The Macquarie Group Ltd (ASX: MQG) share price finished the day in the red on Friday.
At the closing bell, shares in one of Australia’s largest financial institutions were down 3.22% to $195.28. The weakness follows reports shared by ABC News that Macquarie has found itself at the heart of an investigation into an $80 billion scandal.
However, Macquarie is not alone in the hot water, being one of 100 banks and financial institutions under the microscope. The scandal stems from a German tax loophole believed to have been exploited between 2001 and 2012.
What is the German tax scandal?
On Friday, the Macquarie share price fell as the tax scandal deepened. The scheme that has been dubbed the “biggest bank scandal in history” essentially involved the double-dipping of a tax refund. To do this, financial institutions engaged in rapid trading of shares in the European Union.
In short, to tax authorities, it appeared as though there were two simultaneous owners of the shares with and without dividend rights. Even foreign investors were able to claim tax reimbursements on shares that weren’t actually owned by them.
Macquarie’s involvement involves the lending of money to carry out an increased volume of such trades. In October 2010, the board of Macquarie convened to discuss a proposal to provide hundreds of millions to overseas funds. In return, the investment bank would receive up to $30 million for each lending agreement.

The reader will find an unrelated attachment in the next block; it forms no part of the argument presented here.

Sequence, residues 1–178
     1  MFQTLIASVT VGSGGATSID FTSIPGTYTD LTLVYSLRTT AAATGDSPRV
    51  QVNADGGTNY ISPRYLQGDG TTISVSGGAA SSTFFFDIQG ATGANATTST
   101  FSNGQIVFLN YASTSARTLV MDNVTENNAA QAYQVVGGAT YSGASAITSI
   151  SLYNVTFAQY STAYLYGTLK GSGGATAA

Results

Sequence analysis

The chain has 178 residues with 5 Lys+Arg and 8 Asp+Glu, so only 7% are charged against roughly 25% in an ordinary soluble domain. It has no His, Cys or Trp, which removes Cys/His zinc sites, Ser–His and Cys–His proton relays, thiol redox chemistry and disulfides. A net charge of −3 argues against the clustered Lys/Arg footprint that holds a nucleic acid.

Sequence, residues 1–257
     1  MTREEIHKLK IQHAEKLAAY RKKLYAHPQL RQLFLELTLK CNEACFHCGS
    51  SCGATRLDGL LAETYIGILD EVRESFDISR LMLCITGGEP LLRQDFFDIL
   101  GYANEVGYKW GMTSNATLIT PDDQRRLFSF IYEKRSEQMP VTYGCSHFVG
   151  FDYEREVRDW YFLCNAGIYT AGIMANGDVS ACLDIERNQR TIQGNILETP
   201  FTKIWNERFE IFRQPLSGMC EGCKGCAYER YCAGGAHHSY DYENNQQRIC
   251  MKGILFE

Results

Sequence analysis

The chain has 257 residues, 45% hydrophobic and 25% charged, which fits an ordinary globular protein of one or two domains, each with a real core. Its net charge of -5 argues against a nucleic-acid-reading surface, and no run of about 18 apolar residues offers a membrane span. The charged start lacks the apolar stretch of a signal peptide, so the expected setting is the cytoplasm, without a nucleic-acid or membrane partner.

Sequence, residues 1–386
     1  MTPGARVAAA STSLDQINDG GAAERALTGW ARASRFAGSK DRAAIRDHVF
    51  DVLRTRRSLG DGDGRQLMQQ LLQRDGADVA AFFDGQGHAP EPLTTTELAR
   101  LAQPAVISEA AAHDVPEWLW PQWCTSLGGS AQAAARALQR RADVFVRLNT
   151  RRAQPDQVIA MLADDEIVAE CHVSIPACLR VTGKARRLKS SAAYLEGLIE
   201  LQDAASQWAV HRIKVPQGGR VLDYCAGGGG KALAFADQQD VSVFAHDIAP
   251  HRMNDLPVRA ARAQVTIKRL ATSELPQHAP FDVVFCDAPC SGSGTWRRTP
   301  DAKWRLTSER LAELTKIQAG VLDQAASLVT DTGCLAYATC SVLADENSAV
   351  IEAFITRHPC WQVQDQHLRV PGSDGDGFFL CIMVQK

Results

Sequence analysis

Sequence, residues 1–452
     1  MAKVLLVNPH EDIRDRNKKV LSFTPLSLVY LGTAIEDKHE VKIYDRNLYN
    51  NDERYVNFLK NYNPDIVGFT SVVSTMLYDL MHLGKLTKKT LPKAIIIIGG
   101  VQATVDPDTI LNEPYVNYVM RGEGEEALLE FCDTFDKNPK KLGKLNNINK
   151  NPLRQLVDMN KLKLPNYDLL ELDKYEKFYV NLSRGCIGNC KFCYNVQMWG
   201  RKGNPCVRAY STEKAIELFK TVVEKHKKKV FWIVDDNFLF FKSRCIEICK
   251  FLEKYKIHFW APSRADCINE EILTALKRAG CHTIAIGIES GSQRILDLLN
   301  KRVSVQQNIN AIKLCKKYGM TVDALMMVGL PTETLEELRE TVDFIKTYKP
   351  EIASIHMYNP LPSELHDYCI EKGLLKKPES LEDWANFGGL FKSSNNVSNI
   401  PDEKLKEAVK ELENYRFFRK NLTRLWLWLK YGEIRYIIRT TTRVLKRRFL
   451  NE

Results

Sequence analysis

Despite the company’s legal team giving it the go-ahead, there was a sense of haziness around the legalities of the trades. For instance, a memo to the board for deliberation read:
The risk of reputational damage remains should the German authorities take action against the funds. lt is difficult to quantify the reputational risk associated with this transaction and we suggest [the Executive Committee] weigh this against the anticipated returns.
A blow to the Macquarie share price
Today’s revelation involves new documents found through a joint investigation between the ABC and German news outlet, Correctiv.
These documents indicate that Macquarie engaged in the German tax scheme, overlooking the risks it was presented with of reputational damage and legal issues.
For example, an email detailing the risk of transactions being classed as tax fraud was received by current CEO Shamara Wikramanayake. After forwarding to colleagues, the concerns were dismissed. Soon after the board approved the proposal to fund such trades.
It is believed Macquarie has since paid back roughly $150 million. The loophole was removed by the German government in 2012.
A Macquarie spokeswoman issued a statement to the ABC saying the bank continued to “cooperate constructively with German authorities”. However, it was “unable to comment further”.
For shareholders, the concern may lay in what the total costs could amount to with the investigation ongoing. Ironically, earlier this week the Macquarie share price had pipped another ASX bank to become one of the big four.